A simple search for “front delt training” on TikTok leads you down a rabbit hole of trainers providing dedicated clips to attack the muscle group, or arguing that you should avoid training the front deltoid entirely.
Are front raises overrated or should they be a part of your regular regimen? In a 15-second TikTok video, a lot of information can be left unsaid or up to interpretation. Surprisingly, there is some truth to fitness pros advocating to largely abstain from front delt isolation. Here’s why, and three exercises to do instead.
What Are the Front Delts?
The deltoid (or shoulder) muscles are made up of three parts: the anterior (front) deltoid, the lateral (medial) deltoid, and the posterior (back) deltoid.
Deltoid muscles help you move your arms in different directions. They also protect and stabilize your shoulder joint. The front deltoids specifically help you move your arm forward, like when you reach for an object on a shelf.
Why Should You Avoid Training Front Delts?
Your shoulders, specifically your anterior delts, see a lot of action. “You don’t really need to be training your front delts much,” says Tim Liu, CSCS, “since they get so much stimulation from pressing movements.”
In addition to getting worked during presses like shoulder press, incline press, and bench press, your anterior deltoids also assist the chest when completing a pushup, and help stabilize the arm during a bicep curl. Because of this, they’re often an overtrained muscle group.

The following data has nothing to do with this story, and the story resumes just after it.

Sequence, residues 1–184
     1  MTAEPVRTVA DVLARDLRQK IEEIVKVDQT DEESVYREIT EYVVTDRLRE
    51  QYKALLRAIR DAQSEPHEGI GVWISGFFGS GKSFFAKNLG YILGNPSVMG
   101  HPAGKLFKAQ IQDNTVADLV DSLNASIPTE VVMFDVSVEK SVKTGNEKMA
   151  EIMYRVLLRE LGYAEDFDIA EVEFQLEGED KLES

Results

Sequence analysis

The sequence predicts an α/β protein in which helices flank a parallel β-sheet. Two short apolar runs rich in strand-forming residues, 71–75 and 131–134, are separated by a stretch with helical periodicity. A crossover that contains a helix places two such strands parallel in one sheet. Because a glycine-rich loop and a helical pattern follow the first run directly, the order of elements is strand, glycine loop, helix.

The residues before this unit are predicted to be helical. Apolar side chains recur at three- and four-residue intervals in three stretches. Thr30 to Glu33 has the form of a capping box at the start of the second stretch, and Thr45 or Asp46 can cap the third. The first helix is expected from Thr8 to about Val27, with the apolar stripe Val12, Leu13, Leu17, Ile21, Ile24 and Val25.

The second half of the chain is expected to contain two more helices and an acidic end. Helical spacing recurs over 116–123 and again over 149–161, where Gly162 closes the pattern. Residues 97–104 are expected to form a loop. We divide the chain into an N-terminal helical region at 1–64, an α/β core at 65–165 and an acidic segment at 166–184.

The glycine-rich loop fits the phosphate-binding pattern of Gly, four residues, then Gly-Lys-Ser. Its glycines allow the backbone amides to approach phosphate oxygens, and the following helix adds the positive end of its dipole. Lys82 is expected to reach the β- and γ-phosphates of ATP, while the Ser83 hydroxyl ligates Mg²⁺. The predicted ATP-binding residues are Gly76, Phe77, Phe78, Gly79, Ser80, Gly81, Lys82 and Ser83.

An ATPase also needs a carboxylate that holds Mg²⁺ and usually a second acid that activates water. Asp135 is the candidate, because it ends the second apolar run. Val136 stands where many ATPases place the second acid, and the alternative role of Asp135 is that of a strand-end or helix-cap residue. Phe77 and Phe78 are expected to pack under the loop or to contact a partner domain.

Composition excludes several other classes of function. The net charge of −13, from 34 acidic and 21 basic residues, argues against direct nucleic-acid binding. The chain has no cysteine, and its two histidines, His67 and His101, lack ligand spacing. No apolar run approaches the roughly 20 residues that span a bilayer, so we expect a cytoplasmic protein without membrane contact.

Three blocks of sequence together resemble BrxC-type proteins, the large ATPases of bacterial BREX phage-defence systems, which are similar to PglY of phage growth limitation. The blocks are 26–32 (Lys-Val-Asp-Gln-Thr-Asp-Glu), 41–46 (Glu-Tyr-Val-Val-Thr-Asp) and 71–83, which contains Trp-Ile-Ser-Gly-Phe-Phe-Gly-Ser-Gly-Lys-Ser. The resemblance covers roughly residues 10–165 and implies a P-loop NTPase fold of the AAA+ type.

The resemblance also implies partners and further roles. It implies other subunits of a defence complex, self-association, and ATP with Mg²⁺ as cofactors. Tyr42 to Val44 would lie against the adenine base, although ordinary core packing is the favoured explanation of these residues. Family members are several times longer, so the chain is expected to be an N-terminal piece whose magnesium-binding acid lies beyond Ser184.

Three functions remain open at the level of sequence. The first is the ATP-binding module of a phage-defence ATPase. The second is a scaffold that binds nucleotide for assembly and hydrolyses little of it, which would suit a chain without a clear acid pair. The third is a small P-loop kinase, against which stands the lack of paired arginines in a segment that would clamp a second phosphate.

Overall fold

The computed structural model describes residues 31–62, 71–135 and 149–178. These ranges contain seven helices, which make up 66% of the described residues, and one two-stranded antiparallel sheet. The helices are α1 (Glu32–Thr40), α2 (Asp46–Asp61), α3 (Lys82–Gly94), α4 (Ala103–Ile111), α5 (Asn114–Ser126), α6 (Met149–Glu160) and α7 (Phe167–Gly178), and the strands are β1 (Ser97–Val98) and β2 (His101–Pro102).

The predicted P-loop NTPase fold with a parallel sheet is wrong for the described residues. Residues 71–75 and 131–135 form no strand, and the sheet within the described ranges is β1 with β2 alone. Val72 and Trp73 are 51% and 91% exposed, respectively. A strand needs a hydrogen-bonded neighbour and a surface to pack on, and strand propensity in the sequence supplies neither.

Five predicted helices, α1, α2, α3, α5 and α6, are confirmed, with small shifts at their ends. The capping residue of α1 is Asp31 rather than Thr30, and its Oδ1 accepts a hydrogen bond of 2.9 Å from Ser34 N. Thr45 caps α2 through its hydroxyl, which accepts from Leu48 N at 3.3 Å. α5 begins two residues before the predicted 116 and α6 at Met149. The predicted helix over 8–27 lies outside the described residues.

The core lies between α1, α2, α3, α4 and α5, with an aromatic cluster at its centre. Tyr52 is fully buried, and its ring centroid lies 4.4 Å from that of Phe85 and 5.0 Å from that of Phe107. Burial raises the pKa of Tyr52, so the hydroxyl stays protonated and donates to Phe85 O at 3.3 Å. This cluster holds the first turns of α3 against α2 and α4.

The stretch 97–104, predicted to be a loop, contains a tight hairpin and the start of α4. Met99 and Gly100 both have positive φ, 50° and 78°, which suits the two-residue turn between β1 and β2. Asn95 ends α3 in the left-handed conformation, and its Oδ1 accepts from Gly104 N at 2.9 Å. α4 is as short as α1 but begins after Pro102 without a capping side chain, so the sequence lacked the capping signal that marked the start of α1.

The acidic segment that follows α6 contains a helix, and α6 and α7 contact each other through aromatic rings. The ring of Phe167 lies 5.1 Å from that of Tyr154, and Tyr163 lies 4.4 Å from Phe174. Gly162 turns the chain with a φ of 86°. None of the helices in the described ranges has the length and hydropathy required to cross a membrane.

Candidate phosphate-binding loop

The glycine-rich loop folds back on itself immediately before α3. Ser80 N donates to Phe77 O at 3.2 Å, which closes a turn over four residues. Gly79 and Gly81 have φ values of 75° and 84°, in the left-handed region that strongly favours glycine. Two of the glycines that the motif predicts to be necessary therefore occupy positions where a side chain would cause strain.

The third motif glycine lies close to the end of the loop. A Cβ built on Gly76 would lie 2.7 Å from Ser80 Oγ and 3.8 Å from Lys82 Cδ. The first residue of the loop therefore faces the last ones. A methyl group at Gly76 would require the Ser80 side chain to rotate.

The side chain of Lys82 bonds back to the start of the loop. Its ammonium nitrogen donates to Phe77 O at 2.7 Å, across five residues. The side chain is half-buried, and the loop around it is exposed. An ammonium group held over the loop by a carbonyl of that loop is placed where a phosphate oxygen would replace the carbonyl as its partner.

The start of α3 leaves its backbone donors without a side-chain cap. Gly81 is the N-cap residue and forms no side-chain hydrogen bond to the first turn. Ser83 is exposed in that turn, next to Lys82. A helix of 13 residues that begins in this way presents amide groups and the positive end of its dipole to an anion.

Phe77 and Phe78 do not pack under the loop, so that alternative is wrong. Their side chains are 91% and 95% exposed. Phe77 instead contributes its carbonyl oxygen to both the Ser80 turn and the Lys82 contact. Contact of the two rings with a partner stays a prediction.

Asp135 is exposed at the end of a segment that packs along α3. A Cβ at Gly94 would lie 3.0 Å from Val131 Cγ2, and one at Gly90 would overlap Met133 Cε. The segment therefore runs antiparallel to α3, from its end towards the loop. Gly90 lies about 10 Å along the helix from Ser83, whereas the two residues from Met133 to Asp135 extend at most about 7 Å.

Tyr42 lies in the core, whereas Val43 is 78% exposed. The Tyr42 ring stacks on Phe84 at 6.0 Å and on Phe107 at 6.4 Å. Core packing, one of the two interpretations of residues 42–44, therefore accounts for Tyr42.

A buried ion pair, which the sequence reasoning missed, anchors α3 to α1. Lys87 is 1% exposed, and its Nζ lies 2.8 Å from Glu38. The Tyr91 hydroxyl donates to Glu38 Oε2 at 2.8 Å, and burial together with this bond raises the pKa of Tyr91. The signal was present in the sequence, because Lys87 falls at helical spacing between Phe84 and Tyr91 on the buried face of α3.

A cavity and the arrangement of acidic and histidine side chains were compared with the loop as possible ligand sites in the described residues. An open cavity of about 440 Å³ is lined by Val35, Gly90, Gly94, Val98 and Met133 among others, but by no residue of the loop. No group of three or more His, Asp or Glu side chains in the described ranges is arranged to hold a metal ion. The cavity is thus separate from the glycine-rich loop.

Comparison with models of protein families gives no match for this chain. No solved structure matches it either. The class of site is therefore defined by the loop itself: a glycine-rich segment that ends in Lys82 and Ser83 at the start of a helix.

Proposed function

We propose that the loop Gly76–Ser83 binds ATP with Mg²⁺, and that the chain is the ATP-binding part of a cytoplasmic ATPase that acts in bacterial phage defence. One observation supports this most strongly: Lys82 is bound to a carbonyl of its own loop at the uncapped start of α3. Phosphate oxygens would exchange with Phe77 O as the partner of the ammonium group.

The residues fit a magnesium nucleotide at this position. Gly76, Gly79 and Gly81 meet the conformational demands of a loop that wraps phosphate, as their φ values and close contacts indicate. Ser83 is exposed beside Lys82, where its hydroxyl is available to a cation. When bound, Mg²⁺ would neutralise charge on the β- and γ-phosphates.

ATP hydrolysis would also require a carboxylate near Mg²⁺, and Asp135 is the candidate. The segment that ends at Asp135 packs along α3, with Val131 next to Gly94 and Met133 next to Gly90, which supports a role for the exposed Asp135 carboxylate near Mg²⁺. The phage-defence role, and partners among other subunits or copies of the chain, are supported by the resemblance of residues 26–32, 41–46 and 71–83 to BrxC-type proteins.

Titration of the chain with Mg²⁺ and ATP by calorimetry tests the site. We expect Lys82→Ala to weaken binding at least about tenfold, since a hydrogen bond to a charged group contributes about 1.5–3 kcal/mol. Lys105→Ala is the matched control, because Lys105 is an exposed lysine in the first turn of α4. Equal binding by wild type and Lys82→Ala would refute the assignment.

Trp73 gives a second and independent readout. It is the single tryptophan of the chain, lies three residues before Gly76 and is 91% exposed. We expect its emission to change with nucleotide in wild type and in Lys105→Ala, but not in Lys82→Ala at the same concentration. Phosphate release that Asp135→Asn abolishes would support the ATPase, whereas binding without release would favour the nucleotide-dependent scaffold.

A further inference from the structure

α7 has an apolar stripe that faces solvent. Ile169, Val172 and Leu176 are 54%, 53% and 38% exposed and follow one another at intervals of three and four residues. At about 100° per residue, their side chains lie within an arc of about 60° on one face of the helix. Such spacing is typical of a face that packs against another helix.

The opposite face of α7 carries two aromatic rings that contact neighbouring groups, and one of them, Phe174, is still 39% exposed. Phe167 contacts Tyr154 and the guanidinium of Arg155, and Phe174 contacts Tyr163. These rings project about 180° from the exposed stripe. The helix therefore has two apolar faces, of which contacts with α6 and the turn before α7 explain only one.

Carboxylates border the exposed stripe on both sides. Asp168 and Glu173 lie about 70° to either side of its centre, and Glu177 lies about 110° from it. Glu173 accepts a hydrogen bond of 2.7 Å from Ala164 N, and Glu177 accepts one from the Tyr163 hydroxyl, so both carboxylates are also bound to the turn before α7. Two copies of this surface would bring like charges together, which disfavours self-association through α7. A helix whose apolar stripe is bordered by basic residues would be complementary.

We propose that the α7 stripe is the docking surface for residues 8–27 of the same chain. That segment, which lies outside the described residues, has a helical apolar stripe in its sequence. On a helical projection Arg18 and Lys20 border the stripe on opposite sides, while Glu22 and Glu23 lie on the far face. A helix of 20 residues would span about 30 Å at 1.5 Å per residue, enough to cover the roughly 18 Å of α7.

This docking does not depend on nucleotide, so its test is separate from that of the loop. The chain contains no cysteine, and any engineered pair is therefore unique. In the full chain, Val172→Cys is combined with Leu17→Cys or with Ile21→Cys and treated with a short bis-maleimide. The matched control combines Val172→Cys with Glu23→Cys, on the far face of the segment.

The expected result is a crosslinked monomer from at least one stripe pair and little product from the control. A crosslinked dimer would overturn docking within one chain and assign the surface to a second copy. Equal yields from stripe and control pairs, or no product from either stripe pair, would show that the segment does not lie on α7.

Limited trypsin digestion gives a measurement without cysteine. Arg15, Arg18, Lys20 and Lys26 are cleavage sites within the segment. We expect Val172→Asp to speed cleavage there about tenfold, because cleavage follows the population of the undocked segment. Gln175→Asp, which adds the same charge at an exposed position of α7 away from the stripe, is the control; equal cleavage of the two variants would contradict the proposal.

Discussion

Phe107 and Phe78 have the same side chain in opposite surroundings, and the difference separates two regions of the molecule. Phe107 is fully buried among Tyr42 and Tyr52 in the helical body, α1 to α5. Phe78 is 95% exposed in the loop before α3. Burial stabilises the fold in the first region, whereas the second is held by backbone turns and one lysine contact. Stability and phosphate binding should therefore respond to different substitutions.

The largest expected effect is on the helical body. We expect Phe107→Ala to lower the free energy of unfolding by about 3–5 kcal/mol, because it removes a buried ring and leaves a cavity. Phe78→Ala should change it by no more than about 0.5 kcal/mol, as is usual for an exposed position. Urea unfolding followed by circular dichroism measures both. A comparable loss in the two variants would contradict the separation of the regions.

Since the anterior delts get plenty of attention, it’s best to limit the isolation of this muscle group to reduce the risk of injury. Extra isolation during a front raise could contribute to overuse of the anterior deltoid if your training program is already robust in pressing movements. Plus, this movement pattern leaves a lot of room for rotator cuff tendons to pinch while placing a lot of isometric stress on the wrist and elbow.
All of these issues can be avoided with an exercise like the shoulder press that’s more functional, can handle heavier loads, and provides a more natural movement pattern. The classic front raise isn’t a pattern we typically use in daily life because there are simply better ways to move.
How to Train Shoulders in Your Next Workout
According to Liu, “most people need more lateral and rear delt work to balance things out from an aesthetic and shoulder health perspective.” Instead, focus on exercises that are easier to load and work the entire shoulder.
- Rear Delt Fly: this is a great move to build the rear delts as well as your upper back.
- Lateral Raise: focusing on the lateral delt, part of your shoulder that Liu says could use more attention.
- Overhead Press: consider variations like a Seated Overhead Press or Half Kneeling Single Arm Kettlebell Overhead Press which put you in a better position to effectively target the shoulder.
Beyond that, it’s all up to your fitness goals. “Targeting the front delts might make sense if you need to rehab a shoulder injury or improve the look for aesthetics or competition,” mentions Liu. But if you’re simply training to get strong? Skip it.
If you’re not ready to bypass front deltoid isolation completely, make it the lowest priority in your shoulder training. Remember there are better ways to train the shoulder first. Stick to those and you’ll see better results while paving the way for stronger, healthier shoulders in the long run.